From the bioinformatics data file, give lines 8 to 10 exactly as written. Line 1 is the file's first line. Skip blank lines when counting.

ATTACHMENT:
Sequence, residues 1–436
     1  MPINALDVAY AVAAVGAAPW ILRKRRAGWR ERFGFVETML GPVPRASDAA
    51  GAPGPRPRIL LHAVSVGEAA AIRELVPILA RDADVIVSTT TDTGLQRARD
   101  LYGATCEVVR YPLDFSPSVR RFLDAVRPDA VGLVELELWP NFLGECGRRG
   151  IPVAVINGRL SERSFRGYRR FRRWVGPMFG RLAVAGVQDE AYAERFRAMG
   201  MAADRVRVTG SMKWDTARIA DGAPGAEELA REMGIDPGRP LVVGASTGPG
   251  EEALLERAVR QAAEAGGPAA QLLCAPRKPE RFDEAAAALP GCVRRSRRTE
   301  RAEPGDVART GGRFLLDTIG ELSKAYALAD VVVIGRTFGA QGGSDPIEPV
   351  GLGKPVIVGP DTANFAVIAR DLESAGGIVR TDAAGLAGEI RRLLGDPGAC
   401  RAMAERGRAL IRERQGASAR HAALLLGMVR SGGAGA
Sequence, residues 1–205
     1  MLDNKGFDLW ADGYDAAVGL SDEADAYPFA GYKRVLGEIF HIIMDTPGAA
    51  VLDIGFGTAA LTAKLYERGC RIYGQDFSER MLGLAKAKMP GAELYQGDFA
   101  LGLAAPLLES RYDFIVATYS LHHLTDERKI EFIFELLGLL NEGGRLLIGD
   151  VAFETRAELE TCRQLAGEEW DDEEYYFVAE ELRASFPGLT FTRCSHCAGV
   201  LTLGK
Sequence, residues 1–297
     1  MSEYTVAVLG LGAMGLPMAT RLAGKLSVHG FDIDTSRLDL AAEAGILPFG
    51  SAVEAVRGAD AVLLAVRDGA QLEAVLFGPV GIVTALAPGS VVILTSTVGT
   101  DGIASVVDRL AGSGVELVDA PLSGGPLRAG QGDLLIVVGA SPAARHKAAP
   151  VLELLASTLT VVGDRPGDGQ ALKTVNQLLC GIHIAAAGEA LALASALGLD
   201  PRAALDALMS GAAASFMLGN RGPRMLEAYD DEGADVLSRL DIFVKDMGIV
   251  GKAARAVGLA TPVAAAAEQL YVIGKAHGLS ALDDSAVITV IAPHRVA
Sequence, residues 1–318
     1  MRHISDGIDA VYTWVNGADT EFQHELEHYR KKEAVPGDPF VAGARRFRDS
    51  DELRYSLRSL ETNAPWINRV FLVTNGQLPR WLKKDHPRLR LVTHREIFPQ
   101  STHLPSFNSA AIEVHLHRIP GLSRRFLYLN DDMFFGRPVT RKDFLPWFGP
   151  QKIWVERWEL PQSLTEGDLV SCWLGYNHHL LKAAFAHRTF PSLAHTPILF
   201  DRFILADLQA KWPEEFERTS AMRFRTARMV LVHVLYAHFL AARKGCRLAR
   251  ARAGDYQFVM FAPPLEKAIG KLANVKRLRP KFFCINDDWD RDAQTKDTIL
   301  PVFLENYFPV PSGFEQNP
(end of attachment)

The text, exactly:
   301  RAEPGDVART GGRFLLDTIG ELSKAYALAD VVVIGRTFGA QGGSDPIEPV
   351  GLGKPVIVGP DTANFAVIAR DLESAGGIVR TDAAGLAGEI RRLLGDPGAC
   401  RAMAERGRAL IRERQGASAR HAALLLGMVR SGGAGA